What you need to know about the CFO of the Federal Government – Janet Yellen

Throughout the past few weeks, Biden has started lining up his support team for when his administration takes over in January. A much anticipated nomination is Janet Yellen as Secretary of the Treasury. Many believe that Yellen’s politics will influence taxpayers and the American people. Although that is true, we wanted to dispel some of the mystery surrounding this important public office.

What can the Secretary of the Treasury actually do?

The Secretary of Treasury functions as the Chief Financial Officer (CFO) of the federal government. The primary role of the Treasury department itself is to manage public debt, oversee the IRS, and ultimately manage the US economy. Further the Secretary serves at the President’s primary economic advisor, and is often instrumental in crafting policy related to finance and taxes.

It is important to note, however, that the Secretary of the Treasury does not have the power to levy tax, change rates, or otherwise directly influence taxation of the American people. The power to levy tax is squarely on the shoulders of Congress per the Constitution.

The Secretary of the Treasury can also put forth administrative interpretations of tax legislation. The Secretary is empowered by the language of passed legislation to take action. The CARES Act referred to the phrase “Secretary of the Treasury” 29 times. One such example, related to IRA withdrawal provisions, states that an individual who qualifies for deferrals includes individuals meeting specific criteria, “or other factors as determined by the Secretary of the Treasury”. Such language opens the door for development of policy through regulation. This is one area where we could see Yellen making moves.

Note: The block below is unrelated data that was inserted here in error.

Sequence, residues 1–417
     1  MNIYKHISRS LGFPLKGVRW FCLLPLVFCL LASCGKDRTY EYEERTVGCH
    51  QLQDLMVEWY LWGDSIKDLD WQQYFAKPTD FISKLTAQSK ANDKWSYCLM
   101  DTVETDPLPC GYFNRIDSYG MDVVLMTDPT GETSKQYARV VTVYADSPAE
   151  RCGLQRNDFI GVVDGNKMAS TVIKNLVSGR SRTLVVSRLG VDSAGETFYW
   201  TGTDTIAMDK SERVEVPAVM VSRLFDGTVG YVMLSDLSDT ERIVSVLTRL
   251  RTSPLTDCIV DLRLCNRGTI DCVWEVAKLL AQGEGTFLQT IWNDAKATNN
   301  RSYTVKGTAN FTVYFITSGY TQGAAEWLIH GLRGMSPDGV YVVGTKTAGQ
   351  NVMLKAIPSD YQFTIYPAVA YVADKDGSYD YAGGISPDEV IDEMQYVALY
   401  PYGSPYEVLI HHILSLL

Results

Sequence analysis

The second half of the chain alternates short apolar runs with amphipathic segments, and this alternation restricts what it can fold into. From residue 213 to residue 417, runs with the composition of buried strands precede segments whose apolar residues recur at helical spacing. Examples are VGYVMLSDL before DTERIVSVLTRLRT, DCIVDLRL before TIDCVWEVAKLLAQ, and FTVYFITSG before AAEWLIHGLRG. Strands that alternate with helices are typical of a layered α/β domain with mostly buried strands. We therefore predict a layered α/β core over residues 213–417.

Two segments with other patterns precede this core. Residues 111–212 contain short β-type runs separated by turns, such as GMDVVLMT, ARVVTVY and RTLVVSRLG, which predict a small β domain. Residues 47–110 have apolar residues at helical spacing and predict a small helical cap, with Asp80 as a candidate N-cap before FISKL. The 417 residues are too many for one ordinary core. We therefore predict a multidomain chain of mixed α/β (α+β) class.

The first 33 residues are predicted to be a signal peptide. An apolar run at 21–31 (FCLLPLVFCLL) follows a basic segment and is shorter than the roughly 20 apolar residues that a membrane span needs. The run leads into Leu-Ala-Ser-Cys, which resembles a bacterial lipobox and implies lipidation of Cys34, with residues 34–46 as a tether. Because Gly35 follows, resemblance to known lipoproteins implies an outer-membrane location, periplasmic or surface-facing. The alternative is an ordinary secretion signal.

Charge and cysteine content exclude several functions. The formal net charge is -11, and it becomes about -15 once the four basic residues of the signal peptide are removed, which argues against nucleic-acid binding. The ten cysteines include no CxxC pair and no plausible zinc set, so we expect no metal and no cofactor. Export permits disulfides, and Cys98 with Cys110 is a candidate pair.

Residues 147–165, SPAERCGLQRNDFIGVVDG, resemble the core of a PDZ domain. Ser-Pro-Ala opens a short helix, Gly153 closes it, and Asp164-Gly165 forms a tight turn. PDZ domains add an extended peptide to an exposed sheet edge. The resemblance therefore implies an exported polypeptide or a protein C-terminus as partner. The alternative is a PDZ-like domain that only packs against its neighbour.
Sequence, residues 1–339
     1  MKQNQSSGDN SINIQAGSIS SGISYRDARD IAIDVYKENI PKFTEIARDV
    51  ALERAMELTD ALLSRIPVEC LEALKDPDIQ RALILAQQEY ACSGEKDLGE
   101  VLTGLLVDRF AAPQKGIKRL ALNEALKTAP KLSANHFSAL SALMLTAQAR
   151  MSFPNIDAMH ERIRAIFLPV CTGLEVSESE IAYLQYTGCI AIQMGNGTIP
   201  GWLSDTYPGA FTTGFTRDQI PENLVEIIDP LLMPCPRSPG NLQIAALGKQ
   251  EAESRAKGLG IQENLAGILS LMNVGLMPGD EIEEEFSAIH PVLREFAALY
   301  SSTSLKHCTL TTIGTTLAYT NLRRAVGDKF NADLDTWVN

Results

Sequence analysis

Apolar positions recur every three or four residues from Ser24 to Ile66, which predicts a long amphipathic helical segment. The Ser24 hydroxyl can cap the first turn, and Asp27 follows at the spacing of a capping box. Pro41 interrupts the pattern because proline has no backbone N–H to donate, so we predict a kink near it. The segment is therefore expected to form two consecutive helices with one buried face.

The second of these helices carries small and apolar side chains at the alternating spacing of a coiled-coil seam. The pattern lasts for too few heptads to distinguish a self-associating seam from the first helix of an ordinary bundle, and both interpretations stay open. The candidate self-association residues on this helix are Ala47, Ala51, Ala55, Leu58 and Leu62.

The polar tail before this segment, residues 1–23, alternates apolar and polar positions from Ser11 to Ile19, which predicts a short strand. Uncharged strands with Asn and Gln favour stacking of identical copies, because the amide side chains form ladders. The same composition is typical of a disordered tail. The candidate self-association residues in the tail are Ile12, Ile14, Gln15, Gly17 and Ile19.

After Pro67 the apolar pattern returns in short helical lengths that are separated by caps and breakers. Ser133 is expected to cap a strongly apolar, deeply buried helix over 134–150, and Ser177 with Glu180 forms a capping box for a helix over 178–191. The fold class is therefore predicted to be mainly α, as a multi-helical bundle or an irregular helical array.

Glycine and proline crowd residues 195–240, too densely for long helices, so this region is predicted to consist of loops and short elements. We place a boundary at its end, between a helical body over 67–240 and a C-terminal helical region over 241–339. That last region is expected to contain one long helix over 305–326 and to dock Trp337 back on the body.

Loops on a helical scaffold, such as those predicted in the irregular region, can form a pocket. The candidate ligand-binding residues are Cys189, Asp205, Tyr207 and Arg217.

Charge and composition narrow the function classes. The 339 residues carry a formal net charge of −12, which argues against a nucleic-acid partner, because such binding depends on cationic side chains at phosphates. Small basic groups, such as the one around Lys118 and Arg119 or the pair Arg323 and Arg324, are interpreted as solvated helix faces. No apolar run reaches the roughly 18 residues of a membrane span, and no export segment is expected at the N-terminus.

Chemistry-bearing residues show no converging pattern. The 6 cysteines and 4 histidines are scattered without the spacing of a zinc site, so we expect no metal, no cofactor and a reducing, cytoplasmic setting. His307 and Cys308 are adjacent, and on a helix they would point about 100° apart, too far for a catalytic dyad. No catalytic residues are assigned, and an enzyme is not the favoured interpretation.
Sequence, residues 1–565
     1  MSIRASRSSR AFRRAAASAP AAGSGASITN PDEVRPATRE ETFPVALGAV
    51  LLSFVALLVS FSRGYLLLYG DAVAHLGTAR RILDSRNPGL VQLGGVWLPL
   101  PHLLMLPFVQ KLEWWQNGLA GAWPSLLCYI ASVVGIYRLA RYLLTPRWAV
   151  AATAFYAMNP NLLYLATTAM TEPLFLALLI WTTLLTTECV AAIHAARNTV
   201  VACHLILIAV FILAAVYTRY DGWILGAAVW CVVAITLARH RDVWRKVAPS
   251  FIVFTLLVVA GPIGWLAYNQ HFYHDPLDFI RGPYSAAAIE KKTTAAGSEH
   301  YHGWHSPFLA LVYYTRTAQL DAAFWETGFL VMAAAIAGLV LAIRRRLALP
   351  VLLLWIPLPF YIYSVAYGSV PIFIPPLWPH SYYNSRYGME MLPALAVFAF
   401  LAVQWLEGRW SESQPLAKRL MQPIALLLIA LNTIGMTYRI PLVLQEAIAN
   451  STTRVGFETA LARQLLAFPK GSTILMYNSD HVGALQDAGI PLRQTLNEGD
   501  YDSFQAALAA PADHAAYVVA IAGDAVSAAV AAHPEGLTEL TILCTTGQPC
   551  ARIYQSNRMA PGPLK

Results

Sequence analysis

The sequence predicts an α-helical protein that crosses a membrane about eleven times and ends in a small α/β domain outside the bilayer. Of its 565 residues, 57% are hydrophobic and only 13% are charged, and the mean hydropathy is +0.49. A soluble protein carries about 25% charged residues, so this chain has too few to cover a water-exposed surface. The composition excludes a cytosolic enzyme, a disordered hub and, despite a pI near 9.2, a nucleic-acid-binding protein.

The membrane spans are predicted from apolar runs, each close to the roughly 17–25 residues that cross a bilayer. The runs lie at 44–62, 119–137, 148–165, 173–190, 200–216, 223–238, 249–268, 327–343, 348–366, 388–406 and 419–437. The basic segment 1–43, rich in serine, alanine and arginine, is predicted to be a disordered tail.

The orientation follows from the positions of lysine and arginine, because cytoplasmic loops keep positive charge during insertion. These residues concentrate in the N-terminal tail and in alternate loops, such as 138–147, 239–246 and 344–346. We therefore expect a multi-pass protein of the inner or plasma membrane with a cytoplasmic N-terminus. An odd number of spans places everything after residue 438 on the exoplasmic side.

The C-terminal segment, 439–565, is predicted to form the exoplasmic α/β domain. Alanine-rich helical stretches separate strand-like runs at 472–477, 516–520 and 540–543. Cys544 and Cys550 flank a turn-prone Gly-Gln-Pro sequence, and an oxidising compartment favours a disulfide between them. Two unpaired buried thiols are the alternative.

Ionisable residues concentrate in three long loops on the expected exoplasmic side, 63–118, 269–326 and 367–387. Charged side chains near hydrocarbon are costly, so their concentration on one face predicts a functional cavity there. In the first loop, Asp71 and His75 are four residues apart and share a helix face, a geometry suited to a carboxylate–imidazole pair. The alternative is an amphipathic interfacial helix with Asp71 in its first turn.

So tell me a little about Ms. Yellen.

Janet Yellen is a very knowledgeable and experienced individual. If confirmed, she would be the only person, let alone woman, to hold each of these positions during her public career: Chair of the Federal Reserve, Council of Economic Advisors (For Clinton), and Secretary of Treasury.

Yellen has supported policies in the past which prioritized everyday Americans over corporations. Some believe that she will use her influence to persuade Congress to pass another stimulus bill, repeal certain aspects of the TCJA enacted during the Trump administration, and extend unemployment benefits to aid the millions of unemployed Americans.

While Janet Yellen will be able to use her position to influence Congress (if her appointment is confirmed of course), it is important to distinguish that she will not able to set tax law. Yellen’s direct influence would be through administrative operations of the Treasury including the IRS. These actions could include increasing use of the Treasury’s budget on the IRS operations. Some believe that would lead to more audits, which is historically the case. Such audits typically result in generation of more revenue than the costs allocated to the process. However, such increases in spending could also help with the customer service crisis facing taxpayers and tax professionals today.

In conclusion, even if Biden’s appointee Janet Yellen is confirmed, Biden’s proposed tax plan would not come into effect until it is passed by Congress. At the moment with Republicans owning the Senate (subject to change in January pending Georgia run offs), it is uncertain whether any tax related bill proposed by Biden’s Administration would make it all the way through Congress, and therefore onto Ms. Yellen desk for her regulatory guidance.

Yellen as Treasury Appointee